· Restrict Leverage in the Finance Sector. Leverage, at approximately the 30:1 ratio, is what brought Bear Sterns down, and, as I have argued above, leverage is at the root of many of the problems in the mortgage meltdown. Leverage is also the problem faced by many of the large investment banks such as CitiGroup and Lehman (the latter may be the next victim of the deleveraging that is going on today), and leverage has gotten Freddie Mac and Fannie Mae into their current troubles. Both of these entities own and or guarantee over $2 trillion in mortgages on capital bases of less than $50 billion. The proper maximum ratio can be left to further analysis buy it is probably in the 12 ­ 15:1 range. Will some financial engineers and high flying hedge funds object and threaten to move offshore? Yes, and they shouldn't let the door hit them in the ass on the way out. If you can't turn a reasonable profit at 10 or 15:1 leverage, you should not be in the business.

     

    · Extend Regulatory Control Over All Entities That Can Create Credit and That May Be "Too Big To Fail." This may be the most important of the long-term policies. It was necessary to bail out Bear Sterns. But it was not necessary, in fact it only encourages moral hazard activities among the financial sector, to do so without acquiring the basis for a significant return to taxpayers, perhaps in the form of senior preferred shares issued by J.P. Morgan Chase, the acquiring entity. While this policy seems so obvious that it is amazing there is the need even to suggest it, there has been virtually no recognition of the socialization of economic risk and the privatization of economic reward that underlies the Fed's and Treasury's actions to date. It is time to insist that those who want to dine at the public trough also accept public regulatory control. Further, this regulatory control should not reside in the Fed, both because that entity has enough to do already and because the Fed and its representatives are treated by both Congress and the press as economic oracles whose word is not to be questioned but simply appreciated by us lesser mortals. We need a new agency with the same reforming spirit that drove the early New Deal.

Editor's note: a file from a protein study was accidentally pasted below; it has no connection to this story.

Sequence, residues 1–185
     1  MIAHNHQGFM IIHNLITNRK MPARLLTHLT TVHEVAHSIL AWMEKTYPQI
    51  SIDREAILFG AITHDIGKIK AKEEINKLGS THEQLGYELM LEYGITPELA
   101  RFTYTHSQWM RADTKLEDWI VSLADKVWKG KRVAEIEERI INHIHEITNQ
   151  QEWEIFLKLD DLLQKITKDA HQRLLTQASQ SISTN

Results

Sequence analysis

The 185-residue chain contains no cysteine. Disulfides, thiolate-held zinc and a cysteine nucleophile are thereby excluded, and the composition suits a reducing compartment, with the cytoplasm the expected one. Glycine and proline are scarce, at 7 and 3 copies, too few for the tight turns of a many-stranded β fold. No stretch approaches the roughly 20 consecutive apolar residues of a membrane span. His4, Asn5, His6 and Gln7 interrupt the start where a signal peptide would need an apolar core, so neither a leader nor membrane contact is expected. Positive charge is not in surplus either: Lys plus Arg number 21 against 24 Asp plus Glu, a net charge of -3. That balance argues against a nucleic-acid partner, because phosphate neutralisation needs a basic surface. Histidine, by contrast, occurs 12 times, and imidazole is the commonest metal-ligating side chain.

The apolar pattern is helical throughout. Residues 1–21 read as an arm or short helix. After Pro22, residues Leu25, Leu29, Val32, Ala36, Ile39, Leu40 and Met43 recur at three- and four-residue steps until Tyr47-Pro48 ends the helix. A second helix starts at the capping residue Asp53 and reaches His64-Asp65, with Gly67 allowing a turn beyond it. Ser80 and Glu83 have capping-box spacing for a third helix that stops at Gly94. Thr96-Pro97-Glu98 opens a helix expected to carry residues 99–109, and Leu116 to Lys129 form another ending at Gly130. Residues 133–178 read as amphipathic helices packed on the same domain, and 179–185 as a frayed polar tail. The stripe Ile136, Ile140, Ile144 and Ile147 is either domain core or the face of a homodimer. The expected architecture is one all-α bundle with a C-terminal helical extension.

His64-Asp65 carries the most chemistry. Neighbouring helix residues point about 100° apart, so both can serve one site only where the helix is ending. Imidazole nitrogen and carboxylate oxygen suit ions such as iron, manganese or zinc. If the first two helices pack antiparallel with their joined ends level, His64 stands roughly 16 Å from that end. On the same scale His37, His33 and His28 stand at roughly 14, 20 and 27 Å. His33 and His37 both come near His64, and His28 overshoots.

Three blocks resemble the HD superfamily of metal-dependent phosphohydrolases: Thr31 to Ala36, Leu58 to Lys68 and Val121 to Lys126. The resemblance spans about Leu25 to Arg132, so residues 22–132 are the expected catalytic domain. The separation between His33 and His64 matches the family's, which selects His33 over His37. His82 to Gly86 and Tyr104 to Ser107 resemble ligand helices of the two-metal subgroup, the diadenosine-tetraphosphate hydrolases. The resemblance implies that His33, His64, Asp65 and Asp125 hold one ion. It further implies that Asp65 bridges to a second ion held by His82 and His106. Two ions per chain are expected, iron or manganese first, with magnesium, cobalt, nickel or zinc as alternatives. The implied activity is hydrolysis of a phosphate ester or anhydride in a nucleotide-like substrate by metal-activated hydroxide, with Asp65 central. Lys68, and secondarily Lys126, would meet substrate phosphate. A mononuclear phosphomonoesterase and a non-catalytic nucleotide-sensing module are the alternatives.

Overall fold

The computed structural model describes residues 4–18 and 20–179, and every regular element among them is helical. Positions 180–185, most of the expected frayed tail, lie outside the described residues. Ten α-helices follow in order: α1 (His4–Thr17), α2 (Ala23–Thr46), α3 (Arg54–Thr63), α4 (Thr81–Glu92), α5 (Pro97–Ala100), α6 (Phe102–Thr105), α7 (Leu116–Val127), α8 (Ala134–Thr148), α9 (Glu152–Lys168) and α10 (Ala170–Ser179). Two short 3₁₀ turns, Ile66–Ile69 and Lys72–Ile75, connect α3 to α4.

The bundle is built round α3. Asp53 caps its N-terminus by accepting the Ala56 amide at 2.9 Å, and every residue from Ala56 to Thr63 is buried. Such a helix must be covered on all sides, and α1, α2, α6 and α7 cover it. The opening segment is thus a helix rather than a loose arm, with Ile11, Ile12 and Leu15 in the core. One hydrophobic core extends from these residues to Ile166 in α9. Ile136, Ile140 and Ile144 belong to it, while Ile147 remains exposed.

· Implement a Wealth Tax. Almost all of us pay a wealth tax already ­ it is the property tax, paid directly by homeowners and indirectly by renters. The tax targets the asset that constitutes the bulk of total wealth for most Americans. Primary residence is half or more of total net worth for almost all US households ­ up to about the 95th percentile of net worth. Above that level, however, the story changes dramatically; primary residence becomes less and less important in total net worth while financial assets (stocks and bonds) become increasingly important. Among the top 2% of households by net worth, primary residence drops to 5% or less of total wealth. If we added a broad wealth tax, say a 0.5% levy on only the top 1% of wealth households, we would generate $50 ­ 75 billion annually. Again the revenues should be targeted so that the "who pays / who benefits" equation is clear.